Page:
"That's not to say we've beaten the black market," Rhoades said. "The main point is, in this new legal market, we need to adjust our thinking in how we conduct these kind of operations."


Oregon entered an exclusive club a decade ago: part of the Drug Enforcement Administration's "M7" – seven states identified as primary marijuana cultivators. The others were California, Washington, Hawaii, Kentucky, Tennessee and West Virginia. The federal government has spent roughly $18 million annually – mostly in the M7 states -- to focus on eradication.

And it appeared to return dividends – Oregon authorities pulled up or burned an average of 100,000 plants a year when the money started coming in.

But in 2012, discoveries plummeted to 33,000 plants a year, and that level has held steady since then. Washington experienced a similar nose-dive.

Neither state remains in the M7.

The Northwest states are now closer to Colorado, where major marijuana grows historically haven't been as common and which stopped receiving federal marijuana eradication funds in 2015.

Using state money, Colorado found about 27,000 plants last year, not far from its annual average over the past five years.

Fugate imagines this will play out in Oregon as well.

"Let's say DEA money goes away completely," he said. "We're not going to get out of the business. There are four stages to this game: detection, investigation, eradication, and apprehension (of growers). Funding cuts will mostly take away the detection aspect. And we will be spending more state money than we have in the past."

The Governor's Office agrees the program will continue, federal money or not.

Rhoades said Mexican drug cartels are still a concern and search-and-destroy operations are important for fostering a "good business climate" for marijuana shops in Oregon, mainly by suppressing the black market.

"But that's only one tool in the tool belt," he said. "We're going to start being smarter about this."


The Drug Enforcement Administration program itself has come under fire from national marijuana reform advocates.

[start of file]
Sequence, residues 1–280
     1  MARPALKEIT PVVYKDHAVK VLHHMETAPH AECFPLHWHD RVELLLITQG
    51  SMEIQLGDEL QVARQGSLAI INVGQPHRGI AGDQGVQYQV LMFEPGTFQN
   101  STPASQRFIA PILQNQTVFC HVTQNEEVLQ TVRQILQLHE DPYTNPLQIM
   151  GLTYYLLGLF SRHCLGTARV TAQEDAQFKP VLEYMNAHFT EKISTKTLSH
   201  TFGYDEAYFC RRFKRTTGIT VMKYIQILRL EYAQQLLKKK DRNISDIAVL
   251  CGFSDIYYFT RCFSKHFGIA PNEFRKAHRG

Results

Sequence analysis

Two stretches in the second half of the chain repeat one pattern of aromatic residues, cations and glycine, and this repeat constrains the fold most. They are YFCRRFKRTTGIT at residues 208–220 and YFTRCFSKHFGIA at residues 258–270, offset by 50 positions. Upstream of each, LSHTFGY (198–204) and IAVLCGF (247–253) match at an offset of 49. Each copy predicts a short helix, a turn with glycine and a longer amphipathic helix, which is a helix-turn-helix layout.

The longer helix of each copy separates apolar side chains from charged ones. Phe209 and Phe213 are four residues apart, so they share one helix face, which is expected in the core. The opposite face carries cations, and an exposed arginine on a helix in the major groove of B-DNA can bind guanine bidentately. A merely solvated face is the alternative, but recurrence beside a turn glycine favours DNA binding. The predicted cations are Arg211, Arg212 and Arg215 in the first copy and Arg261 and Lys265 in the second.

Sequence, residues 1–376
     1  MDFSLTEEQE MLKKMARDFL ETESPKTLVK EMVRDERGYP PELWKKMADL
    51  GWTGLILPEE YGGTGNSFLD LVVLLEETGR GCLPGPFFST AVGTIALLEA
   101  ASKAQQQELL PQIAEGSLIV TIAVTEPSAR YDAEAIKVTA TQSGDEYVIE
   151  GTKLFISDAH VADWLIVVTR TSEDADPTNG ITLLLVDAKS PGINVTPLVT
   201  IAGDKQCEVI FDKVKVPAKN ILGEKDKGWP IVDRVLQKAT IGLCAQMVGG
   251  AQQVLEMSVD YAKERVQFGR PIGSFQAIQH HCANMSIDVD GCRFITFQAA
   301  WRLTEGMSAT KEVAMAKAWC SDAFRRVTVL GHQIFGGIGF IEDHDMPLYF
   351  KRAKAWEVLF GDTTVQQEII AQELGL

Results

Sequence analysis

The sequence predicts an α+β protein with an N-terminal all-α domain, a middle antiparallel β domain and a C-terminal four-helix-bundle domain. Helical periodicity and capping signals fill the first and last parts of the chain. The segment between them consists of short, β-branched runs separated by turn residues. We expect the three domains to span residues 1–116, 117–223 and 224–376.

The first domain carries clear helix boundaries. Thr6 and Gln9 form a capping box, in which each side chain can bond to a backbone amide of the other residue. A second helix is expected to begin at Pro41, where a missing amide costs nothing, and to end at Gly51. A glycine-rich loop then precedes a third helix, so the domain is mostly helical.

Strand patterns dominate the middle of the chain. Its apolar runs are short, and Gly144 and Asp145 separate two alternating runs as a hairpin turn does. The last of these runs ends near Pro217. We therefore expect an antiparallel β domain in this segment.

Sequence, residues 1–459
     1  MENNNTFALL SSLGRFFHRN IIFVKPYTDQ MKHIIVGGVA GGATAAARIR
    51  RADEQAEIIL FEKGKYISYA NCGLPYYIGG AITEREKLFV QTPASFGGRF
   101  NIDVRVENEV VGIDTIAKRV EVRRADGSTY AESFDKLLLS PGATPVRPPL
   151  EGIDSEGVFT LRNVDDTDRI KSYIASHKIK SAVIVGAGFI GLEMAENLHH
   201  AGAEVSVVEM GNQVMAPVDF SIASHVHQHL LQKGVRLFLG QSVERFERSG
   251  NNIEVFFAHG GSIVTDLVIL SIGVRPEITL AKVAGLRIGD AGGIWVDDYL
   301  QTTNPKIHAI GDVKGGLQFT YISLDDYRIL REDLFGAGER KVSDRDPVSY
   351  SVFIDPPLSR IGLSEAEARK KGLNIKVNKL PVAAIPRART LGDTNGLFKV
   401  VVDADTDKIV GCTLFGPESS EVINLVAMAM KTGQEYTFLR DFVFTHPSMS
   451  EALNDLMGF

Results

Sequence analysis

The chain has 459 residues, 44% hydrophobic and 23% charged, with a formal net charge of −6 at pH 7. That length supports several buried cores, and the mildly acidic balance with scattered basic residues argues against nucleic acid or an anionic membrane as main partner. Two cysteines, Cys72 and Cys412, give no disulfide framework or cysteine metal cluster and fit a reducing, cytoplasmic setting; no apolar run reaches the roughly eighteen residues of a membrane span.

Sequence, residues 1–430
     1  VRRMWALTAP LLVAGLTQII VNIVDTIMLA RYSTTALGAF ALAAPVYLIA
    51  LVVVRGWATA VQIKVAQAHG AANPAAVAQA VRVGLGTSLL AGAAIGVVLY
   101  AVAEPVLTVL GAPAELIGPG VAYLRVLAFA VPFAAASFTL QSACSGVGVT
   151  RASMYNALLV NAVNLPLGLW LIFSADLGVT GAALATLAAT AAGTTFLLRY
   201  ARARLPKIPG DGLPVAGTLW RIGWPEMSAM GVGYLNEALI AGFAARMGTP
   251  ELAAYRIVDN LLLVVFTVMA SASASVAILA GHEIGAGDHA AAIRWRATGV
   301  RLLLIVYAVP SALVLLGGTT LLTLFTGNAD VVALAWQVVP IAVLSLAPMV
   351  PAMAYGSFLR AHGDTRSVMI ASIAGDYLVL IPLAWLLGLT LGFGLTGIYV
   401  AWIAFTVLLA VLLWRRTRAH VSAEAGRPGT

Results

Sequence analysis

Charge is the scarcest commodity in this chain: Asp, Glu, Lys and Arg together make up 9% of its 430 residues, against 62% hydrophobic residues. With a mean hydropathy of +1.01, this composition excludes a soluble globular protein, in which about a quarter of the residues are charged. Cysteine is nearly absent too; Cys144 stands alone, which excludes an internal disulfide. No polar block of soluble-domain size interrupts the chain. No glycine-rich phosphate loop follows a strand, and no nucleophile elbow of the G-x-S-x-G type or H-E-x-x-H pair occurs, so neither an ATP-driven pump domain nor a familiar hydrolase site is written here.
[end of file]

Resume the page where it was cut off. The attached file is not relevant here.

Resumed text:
U.S. Rep. Ted Lieu, D-Calif., recently led a push in the House to drastically reduce the program's budget. While it didn't make it into the final budget, he said success is inevitable, given the shifting national sentiment. As California and other states legalize recreational marijuana use this year, "they should follow Oregon's example," Lieu said.

"This is one of the stupidest programs we have in the federal government," he said. "In a world of limited resources, funds would be far better spent fighting drugs like opioids. I understand why law enforcement would want a continued stream of funding from the DEA, but we can also get law enforcement to accept that funding to go somewhere else."

But the budget cuts in Oregon aren't entirely by choice. While the state requested much less this year than previous years under the program, Bishop noted that it received still less than that — $200,000 in response to a $400,000 request.

"A lot of us speculate that we're being punished, but we don't know," Bishop said. "It's total speculation. We're not hearing anything from the feds."

A spokesman with the Drug Enforcement Administration said the agency declined comment.


The dwindling money in Oregon worries Washington State Patrol Lt. Chris Sweet, who oversees the marijuana eradication program there. Oregon authorities often partner with his agency on marijuana operations.

Mexican drug cartels, Sweet said, could see Oregon's lack of Drug Enforcement Administration money as a business opportunity. He cited a spike in armed guards at grow operations as evidence Mexican gangs are reasserting themselves in the region.

"These international cartels are watching public opinion, watching for which states won't have the resources to fight them," he said.

Bishop, the Oregon sheriffs' group leader, agreed that police are seeing "way more" armed guards at grow operations recently. What's more, a crop of over 6,500 plants connected to Mexican cartels was discovered 35 miles south of Portland in June, near the Willamette River, the Yamhill County Sheriff's Office reported.

But Bishop doesn't subscribe to the theory that Mexican gangs may decide to grow more pot in the state.

"If you have a lawn and it's a beautiful lawn and moss keeps creeping into it, it'll continue to grow," he said. "But why wouldn't they just go indoors and do it legally? It's really easy now. That makes more sense."

Portland-based attorney Bear Wilner-Nugent, who focuses on marijuana law, called Sweet's concerns unfounded.

"Say what you will about the moral standing of Mexican drug cartels, but they're every bit as likely to be thoughtful and intelligent as other businesspeople," he said. "They're going to slice the pie more thinly, and focus on where they don't have competition with hundreds of legal businesses. Obviously that's meth, heroin, and cocaine in Oregon."

 -- Drew Atkins

Special to The Oregonian/OregonLive


CORRECTION: An earlier version of this story misidentified the agency that oversaw the eradication program in Oregon








 Where Mike Winters put money, manpower, interest...in pot pulls...



12 years worth.